Six weeks ago, the claim that Mitt Romney had a chance at winning the election was laughable. Obama was polling several points ahead and the pundits predicted he would win by a landslide. The debates marked a turning point for Mitt Romney. While Obama is recognized as one of the world’s most eloquent orators, Mitt Romney is not known for his ability to wow a crowd. And sure, Mitt let a few awkwardly-phrased comments slip (“binders full of women,” for example), but he managed to turn the election into an incredibly close race by winning the debate series. I’m here to tell you why he won and how he pulled it off.
Romney won the blame game. Obama tried to shift the blame of his four failed years to his predecessor and has insisted that Mitt Romney’s election will mean a return to the failed policies of the Bush administration. Mitt Romney won this blame game by 1) holding Obama accountable for the policy failures of his administration and 2) differentiating himself from President Bush.To hold the President accountable for the state of the economy, Mitt Romney emphasized that, four years ago, the sitting President promised recovery and failed to deliver. And what made this even easier for Mitt is that Obama didn’t defend himself! He didn’t even attempt to prove why his economic policies were effective or lay out any concrete plans for how he will address the economic woes the American people face today. A little tax hike for the top two percent is not going to magically employ 23 million people. Romney knows this and offered an articulate five-point plan for real economic recovery.While many Americans are unhappy about the direction of the country over the past four years, there is very little nostalgia for the Bush days. Voters fear electing another Republican means a return to aggressive foreign policy and reckless spending — Obama knows this and has consistently tried to align Romney with Bush. Romney distinguished himself from Bush through his emphasis on peace through strength and bringing home the troops. Additionally, he shed light on the difference between Bush’s big business focus and his own small business focus. While Obama tried to pin Romney down as another Bush, Romney successfully dodged this attempt.
Romney won the audience. You can’t win a debate without winning the audience. While Romney’s likability ratings shot up above Obama’s following the debates, what is more important is that Romney used the debate series to show his passion for restoring America. In the first debate, a prepared and energetic Romney faced a disinterested and exhausted Obama. Romney’s sense of humor appealed to voters who may have previously labeled him as robotic, and his calm executive style trumped Obama’s disengaged stupor. During the second debate, Romney was forceful and confrontational as he articulated the failures of Obama’s economic policies. Additionally, he called Obama out on his lack of honesty with the American people regarding the recent terrorist attack on the U.S. Embassy in Libya. Even when the moderator jumped to Obama’s defense, Romney remained calm despite an audience outcry. A morning fact-check showed that the President had indeed been unclear about the tragedy. In the third debate, Obama was aggressive and enraged. His demeanor was anything but presidential. Conversely, Romney was in control and refused to let Obama drag him into an angry quarrel. Romney demonstrated a clear contrast between the last four years and his plan for the next four years. He reflected on his bipartisanship in Massachusetts and the need for Republicans and Democrats to work together. Most importantly, he showed optimism for a better tomorrow.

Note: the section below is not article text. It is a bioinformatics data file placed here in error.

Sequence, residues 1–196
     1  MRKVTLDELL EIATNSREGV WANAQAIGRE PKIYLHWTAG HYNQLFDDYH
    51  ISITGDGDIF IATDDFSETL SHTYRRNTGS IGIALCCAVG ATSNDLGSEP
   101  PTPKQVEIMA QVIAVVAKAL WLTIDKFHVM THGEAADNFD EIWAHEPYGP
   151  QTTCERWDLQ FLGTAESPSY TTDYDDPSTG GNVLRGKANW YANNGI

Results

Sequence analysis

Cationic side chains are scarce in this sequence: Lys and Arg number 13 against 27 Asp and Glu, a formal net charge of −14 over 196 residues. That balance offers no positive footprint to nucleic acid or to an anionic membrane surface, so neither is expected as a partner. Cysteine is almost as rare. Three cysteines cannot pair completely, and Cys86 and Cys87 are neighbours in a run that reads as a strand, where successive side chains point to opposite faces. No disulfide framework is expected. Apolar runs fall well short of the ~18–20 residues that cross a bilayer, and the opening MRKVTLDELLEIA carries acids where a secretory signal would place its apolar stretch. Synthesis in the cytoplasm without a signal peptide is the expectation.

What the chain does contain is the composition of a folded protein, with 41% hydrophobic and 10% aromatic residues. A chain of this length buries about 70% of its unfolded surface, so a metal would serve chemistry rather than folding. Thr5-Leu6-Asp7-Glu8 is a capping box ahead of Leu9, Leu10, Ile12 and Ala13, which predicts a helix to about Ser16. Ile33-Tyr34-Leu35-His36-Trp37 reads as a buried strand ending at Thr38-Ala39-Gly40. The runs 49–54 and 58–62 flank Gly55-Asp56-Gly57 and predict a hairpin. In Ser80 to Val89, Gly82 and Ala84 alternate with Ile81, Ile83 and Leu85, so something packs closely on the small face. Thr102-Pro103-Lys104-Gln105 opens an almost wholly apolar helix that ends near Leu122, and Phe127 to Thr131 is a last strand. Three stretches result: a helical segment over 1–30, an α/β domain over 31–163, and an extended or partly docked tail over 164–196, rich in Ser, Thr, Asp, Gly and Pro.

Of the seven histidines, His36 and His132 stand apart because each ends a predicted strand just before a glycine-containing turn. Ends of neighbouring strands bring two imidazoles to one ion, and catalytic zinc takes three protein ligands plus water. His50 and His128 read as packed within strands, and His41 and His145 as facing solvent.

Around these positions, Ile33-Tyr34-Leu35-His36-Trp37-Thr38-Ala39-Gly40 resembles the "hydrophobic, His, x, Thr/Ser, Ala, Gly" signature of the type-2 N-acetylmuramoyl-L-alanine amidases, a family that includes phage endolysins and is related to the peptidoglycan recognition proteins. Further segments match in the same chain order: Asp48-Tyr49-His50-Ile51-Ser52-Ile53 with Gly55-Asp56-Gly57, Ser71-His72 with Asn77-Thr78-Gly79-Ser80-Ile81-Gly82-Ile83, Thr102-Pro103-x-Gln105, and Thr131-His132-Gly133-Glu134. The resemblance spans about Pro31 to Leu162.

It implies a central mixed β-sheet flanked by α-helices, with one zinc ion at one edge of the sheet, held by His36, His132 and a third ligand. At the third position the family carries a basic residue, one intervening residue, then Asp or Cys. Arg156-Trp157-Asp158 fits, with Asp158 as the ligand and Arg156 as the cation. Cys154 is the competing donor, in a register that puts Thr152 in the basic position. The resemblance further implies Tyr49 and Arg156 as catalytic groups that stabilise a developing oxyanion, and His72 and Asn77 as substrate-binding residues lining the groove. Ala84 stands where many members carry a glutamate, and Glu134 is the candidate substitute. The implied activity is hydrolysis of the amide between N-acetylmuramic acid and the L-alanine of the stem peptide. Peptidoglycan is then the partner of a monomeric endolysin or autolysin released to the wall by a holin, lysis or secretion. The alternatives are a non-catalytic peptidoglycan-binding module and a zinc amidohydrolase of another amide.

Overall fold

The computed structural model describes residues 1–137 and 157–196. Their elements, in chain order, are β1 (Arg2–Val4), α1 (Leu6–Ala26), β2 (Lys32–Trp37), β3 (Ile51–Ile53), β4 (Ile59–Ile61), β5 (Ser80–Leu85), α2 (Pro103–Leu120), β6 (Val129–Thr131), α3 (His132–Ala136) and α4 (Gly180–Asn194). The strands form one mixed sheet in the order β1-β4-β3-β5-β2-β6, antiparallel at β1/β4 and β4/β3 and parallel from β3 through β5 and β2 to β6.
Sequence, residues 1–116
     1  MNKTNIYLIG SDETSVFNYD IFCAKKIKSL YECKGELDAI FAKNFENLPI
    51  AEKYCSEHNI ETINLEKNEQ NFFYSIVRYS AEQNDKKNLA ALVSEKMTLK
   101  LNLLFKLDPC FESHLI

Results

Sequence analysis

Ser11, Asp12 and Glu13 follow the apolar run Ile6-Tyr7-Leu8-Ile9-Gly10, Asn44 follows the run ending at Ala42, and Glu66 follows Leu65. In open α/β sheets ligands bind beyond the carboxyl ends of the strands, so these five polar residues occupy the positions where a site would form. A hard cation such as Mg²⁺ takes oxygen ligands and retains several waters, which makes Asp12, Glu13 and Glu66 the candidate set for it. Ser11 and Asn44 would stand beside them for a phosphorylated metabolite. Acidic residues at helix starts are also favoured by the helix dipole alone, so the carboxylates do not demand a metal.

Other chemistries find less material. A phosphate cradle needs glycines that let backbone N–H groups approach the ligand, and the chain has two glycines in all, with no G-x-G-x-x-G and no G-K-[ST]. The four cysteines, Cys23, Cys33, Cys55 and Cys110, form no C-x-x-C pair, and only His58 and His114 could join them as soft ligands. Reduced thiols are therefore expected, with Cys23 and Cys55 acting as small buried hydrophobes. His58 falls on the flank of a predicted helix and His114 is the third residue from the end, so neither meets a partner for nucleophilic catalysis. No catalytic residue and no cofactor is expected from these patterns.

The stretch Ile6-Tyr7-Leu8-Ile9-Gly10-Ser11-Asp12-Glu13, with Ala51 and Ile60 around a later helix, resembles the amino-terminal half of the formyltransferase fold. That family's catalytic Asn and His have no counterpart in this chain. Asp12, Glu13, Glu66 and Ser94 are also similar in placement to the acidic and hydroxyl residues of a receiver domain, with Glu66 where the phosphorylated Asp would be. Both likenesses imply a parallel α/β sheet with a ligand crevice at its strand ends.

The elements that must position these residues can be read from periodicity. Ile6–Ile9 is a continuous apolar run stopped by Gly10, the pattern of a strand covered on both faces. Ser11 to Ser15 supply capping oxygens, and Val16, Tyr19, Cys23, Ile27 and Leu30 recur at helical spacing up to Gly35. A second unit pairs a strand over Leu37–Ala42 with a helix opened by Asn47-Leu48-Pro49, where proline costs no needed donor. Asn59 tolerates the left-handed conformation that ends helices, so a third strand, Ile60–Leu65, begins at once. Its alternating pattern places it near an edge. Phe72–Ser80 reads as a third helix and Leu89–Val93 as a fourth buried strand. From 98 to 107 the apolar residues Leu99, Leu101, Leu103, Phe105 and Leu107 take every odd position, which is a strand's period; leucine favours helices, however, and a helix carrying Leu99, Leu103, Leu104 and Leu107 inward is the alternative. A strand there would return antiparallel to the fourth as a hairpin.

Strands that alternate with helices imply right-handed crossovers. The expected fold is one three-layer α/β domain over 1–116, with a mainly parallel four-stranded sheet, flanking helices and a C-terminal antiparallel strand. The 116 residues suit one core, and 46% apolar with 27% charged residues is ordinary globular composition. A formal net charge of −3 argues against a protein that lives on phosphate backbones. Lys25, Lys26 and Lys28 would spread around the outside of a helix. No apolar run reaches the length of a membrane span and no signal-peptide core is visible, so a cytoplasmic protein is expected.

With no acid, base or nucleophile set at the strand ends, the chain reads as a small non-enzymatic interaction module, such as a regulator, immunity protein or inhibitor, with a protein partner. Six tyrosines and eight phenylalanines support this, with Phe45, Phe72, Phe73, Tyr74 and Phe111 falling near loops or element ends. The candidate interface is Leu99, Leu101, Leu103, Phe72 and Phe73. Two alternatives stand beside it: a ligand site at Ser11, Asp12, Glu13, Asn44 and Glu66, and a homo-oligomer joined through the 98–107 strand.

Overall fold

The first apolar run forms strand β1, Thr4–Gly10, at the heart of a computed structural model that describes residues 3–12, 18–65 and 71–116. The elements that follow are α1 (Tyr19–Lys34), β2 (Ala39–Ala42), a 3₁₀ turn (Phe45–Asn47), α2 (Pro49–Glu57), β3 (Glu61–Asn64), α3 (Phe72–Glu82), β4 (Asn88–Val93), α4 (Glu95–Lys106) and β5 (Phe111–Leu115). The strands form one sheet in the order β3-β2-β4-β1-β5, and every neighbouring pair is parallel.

Romney framed the election around the economy. Obama constantly tried to run from his economic record, and Romney didn’t let him get away with it. While Obama may have good intentions for fairness and justice in the workplace, it doesn’t change the fact that 23 million Americans are unable to find work. The underperforming economy is the leading cause of the woes Americans face today. A recent Gallup poll showed that 72 percent of voters see the economy as the biggest issue of the election — so why did Obama keep changing the subject in the debates? Romney is, first and foremost, a business leader with deep knowledge of how companies work. He stressed the need for a tax code that incentivizes job creation. By highlighting the similarities between his foreign policy and Obama’s foreign policy objectives in the third debate, Romney framed the election around the economy and played to his own strengths. He demonstrated how he will apply his own knowledge of the private sector in a five-point plan that will create 12 million new jobs, and emphasized that the failed policies of the Obama administration have left 7.9 percent of people out of work. That should give the 23 million unemployed Americans a reason to head to the polls on Tuesday.The polling gap between Obama and Romney has essentially vanished after the debates. The debate series completely changed the political landscape for the election. If Mitt Romney wins this Tuesday, it is because he won the debates.
Jessica Reif is a junior in the School of Industrial and Labor Relations. She is the Chair of the Cornell University College Republicans and a member of the Cornell Forensic Society. She may be reached at firstname.lastname@example.org.
Original Author: Jessica Reif